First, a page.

When DRM Sucks

A couple of weeks ago my younger brother asked me to buy some songs for him from the iTunes store. So I thought this would be no big deal. Normally I buy, download and burn the songs to a CD and also put them onto his iPod shuffle for him. Well, that wasn’t the case this time. I had some issues and thought I would share them.

The music was bought and I transferred it over to my PC because the iBook doesn’t have a CD buner. No big deal. I get the tracks into iTunes on the PC and put them into a playlist and click on burn, no luck. There is an error that it can’t find a burner. The drive was being recognized by Windows as well as Nero. I got to thinking about it and I decided to disconnect the hard drive that was also on the same cable as the CD/DVD burner. Ok, first of all. I know it’s probably not wise to do that but I needed to connect the drive to the computer and it worked, so shush! Anyways. After taking my computer case apart, unplugging the hard drive and getting it all put back together again I turn the PC on and I still get the same error in iTunes. The drive is still being recognized by Windows and Nero but not iTunes.

I then realize that Nero is not displaying the drive as a CD or DVD Burner. I don’t know what the deal with that was. I’m still having issues copying CDs or DVDs. I’m thinking that I’m either needing to re-flash the optical drive, re-install Windows or buy a new DVD burner. But anyways. That’s not why I am writing.

Once I finally got the music over onto the PC and found out that I was not going to be able to burn the music using iTunes, I needed to try and burn it using Nero or something else. Of course you can’t do that without removing the DRM from the music! So I found myFairTunes, a Windows only application. DRM Dumpster does the same thing for Mac users but you’ll need a CD-RW drive and disc. Also, the software is not free. I removed the DRM, converted the tracks to MP3 format in iTunes and tried to burn the music using Nero. Of course I thought the music had burned succesfully because it went through the entire process and said it was successful. However, looking at the CD after it came out of the drive you can tell that there was nothing on the disc. When you put it into a CD player it makes the blank disc noise and when you put it back into a computer it says it is blank.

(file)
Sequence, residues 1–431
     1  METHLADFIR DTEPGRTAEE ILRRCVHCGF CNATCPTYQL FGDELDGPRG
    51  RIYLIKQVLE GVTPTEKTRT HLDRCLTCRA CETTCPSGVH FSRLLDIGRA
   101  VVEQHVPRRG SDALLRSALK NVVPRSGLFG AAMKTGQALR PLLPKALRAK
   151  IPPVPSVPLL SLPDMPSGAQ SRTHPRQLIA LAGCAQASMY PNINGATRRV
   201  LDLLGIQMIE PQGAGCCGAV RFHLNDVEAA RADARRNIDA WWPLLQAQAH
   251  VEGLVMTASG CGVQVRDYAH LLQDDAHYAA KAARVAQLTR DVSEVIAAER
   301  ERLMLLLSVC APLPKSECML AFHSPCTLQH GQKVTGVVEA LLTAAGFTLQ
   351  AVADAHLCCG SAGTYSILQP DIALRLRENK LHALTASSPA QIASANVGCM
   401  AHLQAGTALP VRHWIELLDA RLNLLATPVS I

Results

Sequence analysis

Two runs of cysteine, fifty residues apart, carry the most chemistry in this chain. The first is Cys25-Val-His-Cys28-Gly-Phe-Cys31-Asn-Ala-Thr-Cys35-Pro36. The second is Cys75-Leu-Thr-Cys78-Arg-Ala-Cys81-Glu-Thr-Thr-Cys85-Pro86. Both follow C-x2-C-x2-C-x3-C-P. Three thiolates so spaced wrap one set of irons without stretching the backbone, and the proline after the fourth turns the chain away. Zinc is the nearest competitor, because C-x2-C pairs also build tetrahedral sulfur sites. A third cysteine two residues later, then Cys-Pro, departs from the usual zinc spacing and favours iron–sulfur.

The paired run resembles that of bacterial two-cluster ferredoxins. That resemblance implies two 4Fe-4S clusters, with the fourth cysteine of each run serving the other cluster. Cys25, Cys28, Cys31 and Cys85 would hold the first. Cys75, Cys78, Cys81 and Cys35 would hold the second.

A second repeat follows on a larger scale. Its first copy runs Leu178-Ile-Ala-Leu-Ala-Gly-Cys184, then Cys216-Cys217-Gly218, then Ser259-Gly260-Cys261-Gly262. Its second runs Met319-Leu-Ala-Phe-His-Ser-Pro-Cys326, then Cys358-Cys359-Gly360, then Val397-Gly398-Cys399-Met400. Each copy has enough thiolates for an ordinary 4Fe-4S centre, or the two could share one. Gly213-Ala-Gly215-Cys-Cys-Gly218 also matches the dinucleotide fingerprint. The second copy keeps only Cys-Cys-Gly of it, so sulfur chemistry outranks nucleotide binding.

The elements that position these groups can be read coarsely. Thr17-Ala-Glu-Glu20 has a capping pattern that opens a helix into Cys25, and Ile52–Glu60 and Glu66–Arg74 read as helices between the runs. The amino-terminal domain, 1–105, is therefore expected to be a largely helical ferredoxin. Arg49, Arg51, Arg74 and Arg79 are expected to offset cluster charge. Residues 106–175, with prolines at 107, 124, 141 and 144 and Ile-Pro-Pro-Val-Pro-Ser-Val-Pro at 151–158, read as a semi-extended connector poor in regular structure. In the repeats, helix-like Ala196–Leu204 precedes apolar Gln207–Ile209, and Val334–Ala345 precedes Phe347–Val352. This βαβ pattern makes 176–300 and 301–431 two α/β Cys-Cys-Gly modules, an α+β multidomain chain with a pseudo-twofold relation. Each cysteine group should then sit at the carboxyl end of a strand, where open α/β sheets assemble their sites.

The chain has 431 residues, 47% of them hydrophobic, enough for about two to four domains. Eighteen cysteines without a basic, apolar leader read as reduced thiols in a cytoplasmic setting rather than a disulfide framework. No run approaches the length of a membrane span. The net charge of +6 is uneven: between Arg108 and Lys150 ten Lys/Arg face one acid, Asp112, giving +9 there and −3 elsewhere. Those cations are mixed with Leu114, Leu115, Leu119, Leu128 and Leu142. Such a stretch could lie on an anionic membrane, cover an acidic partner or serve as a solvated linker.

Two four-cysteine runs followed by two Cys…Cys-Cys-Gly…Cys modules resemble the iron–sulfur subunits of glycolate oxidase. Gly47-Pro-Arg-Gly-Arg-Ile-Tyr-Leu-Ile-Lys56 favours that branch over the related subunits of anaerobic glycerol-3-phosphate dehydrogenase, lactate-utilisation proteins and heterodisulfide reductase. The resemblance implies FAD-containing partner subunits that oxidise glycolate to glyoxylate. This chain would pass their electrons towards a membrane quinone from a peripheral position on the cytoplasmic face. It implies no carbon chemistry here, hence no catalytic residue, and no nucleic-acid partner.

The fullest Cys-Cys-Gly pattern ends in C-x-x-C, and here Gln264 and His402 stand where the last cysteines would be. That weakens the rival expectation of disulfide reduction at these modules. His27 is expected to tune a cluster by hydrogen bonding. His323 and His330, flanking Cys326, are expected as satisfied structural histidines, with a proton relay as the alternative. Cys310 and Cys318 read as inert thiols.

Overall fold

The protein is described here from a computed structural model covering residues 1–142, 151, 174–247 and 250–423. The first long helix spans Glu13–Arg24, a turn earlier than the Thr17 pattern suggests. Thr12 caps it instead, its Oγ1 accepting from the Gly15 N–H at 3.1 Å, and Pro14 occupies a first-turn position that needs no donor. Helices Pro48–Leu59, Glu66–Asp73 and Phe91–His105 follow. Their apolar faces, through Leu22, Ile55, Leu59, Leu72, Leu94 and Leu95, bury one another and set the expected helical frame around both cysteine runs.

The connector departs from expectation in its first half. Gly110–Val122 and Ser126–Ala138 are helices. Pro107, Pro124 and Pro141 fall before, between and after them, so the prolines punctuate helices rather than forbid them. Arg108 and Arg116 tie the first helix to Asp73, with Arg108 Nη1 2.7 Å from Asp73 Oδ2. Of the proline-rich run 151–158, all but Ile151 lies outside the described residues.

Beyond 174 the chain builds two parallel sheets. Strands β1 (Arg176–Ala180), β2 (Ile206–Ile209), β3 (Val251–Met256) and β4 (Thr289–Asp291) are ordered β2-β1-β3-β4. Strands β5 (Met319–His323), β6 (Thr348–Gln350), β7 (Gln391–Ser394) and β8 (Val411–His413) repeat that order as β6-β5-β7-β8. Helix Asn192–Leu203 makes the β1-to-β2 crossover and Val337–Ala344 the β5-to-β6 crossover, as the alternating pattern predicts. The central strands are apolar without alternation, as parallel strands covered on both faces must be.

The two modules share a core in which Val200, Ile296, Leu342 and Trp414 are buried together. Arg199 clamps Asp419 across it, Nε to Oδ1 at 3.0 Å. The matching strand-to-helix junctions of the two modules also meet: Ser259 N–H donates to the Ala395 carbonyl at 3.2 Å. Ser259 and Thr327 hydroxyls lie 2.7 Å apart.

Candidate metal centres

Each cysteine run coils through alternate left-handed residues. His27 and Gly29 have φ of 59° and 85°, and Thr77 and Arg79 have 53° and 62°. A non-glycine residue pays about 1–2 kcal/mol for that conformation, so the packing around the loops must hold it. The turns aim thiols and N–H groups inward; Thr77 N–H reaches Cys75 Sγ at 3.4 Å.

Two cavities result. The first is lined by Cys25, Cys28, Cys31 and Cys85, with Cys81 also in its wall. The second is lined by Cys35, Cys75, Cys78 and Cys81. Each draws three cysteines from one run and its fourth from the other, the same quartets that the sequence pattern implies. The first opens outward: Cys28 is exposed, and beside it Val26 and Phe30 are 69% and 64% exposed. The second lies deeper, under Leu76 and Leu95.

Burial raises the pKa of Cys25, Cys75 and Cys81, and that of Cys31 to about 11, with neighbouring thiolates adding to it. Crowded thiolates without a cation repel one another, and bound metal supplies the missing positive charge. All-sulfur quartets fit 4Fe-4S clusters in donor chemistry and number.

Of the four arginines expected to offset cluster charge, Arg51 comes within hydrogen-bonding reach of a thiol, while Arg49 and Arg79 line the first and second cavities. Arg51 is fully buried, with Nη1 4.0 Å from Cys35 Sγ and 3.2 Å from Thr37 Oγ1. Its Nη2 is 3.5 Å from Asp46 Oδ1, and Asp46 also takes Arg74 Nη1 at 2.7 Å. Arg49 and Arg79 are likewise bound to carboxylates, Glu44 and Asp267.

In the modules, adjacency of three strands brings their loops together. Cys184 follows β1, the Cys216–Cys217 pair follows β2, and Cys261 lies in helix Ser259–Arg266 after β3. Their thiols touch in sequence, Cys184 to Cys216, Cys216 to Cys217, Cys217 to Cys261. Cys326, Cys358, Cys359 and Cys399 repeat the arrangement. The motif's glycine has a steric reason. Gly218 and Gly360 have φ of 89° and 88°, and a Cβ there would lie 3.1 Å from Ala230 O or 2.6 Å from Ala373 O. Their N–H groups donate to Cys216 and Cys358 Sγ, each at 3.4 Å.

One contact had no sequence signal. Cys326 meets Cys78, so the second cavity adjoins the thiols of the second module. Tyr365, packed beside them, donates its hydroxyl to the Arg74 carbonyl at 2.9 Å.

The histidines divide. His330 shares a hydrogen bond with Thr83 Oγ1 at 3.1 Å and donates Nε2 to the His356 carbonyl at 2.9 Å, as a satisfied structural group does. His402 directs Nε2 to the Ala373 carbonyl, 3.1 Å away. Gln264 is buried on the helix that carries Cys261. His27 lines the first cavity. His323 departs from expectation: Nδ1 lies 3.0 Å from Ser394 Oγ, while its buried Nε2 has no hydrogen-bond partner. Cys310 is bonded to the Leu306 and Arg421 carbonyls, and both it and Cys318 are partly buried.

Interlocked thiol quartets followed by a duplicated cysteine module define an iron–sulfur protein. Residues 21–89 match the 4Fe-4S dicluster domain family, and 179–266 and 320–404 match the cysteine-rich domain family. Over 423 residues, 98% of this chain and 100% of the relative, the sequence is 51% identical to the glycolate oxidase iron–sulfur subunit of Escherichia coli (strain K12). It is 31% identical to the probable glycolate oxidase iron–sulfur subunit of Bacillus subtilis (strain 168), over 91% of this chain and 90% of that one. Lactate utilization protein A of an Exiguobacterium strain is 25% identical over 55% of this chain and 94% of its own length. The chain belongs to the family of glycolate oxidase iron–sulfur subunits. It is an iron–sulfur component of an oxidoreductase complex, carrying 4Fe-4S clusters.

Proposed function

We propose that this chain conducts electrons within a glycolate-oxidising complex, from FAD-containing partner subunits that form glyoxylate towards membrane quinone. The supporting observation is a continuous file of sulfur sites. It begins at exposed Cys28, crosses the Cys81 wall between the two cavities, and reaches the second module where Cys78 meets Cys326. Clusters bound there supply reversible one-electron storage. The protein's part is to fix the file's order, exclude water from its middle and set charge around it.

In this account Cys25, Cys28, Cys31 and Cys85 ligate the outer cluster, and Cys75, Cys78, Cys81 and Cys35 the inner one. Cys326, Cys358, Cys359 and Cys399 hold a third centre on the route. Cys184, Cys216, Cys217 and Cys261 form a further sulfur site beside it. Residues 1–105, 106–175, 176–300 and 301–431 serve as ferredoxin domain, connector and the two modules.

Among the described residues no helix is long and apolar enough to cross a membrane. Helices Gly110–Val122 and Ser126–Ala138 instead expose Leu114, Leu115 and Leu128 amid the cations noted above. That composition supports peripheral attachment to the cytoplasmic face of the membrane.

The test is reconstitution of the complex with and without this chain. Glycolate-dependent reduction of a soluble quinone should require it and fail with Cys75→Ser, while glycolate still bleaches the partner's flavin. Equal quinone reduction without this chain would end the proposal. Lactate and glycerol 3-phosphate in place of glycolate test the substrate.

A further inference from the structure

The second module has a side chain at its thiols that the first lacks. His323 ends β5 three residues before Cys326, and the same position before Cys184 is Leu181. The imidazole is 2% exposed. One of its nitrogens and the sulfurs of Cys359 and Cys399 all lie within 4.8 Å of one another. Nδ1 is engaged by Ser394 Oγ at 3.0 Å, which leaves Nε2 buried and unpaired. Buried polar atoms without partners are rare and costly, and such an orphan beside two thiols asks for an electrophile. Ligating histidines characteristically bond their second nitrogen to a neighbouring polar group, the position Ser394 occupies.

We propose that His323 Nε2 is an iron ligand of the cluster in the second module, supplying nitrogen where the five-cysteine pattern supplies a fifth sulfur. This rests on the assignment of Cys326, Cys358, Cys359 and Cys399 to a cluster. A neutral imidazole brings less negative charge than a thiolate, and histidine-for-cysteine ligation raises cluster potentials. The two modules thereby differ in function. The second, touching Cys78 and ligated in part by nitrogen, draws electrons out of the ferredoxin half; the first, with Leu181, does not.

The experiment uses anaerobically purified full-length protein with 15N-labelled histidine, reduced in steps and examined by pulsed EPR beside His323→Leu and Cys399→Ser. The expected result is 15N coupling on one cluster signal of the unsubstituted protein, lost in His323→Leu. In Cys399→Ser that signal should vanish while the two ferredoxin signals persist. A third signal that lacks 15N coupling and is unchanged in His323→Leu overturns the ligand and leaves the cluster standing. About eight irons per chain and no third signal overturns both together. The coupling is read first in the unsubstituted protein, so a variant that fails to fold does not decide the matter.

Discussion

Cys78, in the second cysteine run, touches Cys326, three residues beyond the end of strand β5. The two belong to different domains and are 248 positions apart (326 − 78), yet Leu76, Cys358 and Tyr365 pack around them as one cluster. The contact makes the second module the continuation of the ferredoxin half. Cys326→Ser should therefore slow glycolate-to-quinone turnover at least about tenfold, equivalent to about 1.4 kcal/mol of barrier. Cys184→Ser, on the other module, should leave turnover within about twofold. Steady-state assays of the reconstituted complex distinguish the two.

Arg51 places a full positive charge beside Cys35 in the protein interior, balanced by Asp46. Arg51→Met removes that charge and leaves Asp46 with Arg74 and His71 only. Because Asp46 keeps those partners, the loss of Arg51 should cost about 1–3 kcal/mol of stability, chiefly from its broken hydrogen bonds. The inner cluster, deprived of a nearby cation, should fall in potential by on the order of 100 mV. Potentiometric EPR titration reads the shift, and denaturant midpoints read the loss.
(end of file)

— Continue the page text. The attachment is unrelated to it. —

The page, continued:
My point to this entire entry is that DRM is only making it harder for people who actually purchase music. We all know that. However the music industry still does not understand that fact. Thankfully, iTunes is now offering DRM free music. Also, fortunately, there are amazing companies like Magnatune who are against DRM. Magnatune allows you share the music you purchase with 3 people and they also let you license the music for videos, podcasts and other productions under a Creative Commons license.

The issue I had isn’t the only reason DRM needs to be sent to the dumpster. People want to buy music players and put their music on it. When a player is tied to one music store and one DRM format, you can’t do it. Maybe one of these days this will be a thing of the past and our descendants will look at us like we were crazy for using DRM (along with many, many other things).

MikeyPod Interviews Joi Ito of Creative Commons

A couple of years ago I found out about Creative Commons. I watched the videos on their website and I was intrigued by it. Everytime I would create something I would stamp a CC license onto it because I thought it was so cool. A couple of years passed and I got out of the habit of CC’ing everything until the other day. I listened to MikeyPod‘s latest podcast where he interviews Joi Ito who is on the board of Creative Commons.

During the interview Joi Ito discusses Flickr and the benefits of having your images on Flickr having a Creative Commons license instead of the standard “All Rights Reserved” license. I would love for more people to use and see my photos. I don’t necessarily care whether I get paid for them or not as long as I get credit for them. I also would prefer that if people use them they have whatever they make be licensed under Creative Commons as well. I opted to change most of my photos to a Creative Commons Share Alike license. I didn’t change them all because I didn’t want photos of my family to be used by a commercial entity, they would not appreciate that. I changed a few of mine to CC, just in case someone decides I’m important enough for a Wikipedia article, someday!

During the interview Joi mentions the reasons people have really horrible pictures of themselves on their Wikipedia pages, that’s because a lot of images have copyright restrictions. I thought that was a really good point to bring up. A lot of people forget about that when they go to a portrait studio and have their photos taken and later on down the road want to have them re-printed but cannot find a photo copy center that will copy them because they are copyrighted by the photography studio. I know many people who have bought scanners because of this!

Also during the interview Joi mentions a plugin for WordPress for inserting Creative Commons meta information into your site. I have installed the plugin, I honestly don’t see where it has changed my source code. I don’t know if it’s suppose to or not. However. I just wanted to do my part of sharing my content to the world, just as long as I get credit and they share alike!

You should check out the interview MikeyPod did, it was really a great interview. Lots of valuable information. The interview has renewed my love of Creative Commons.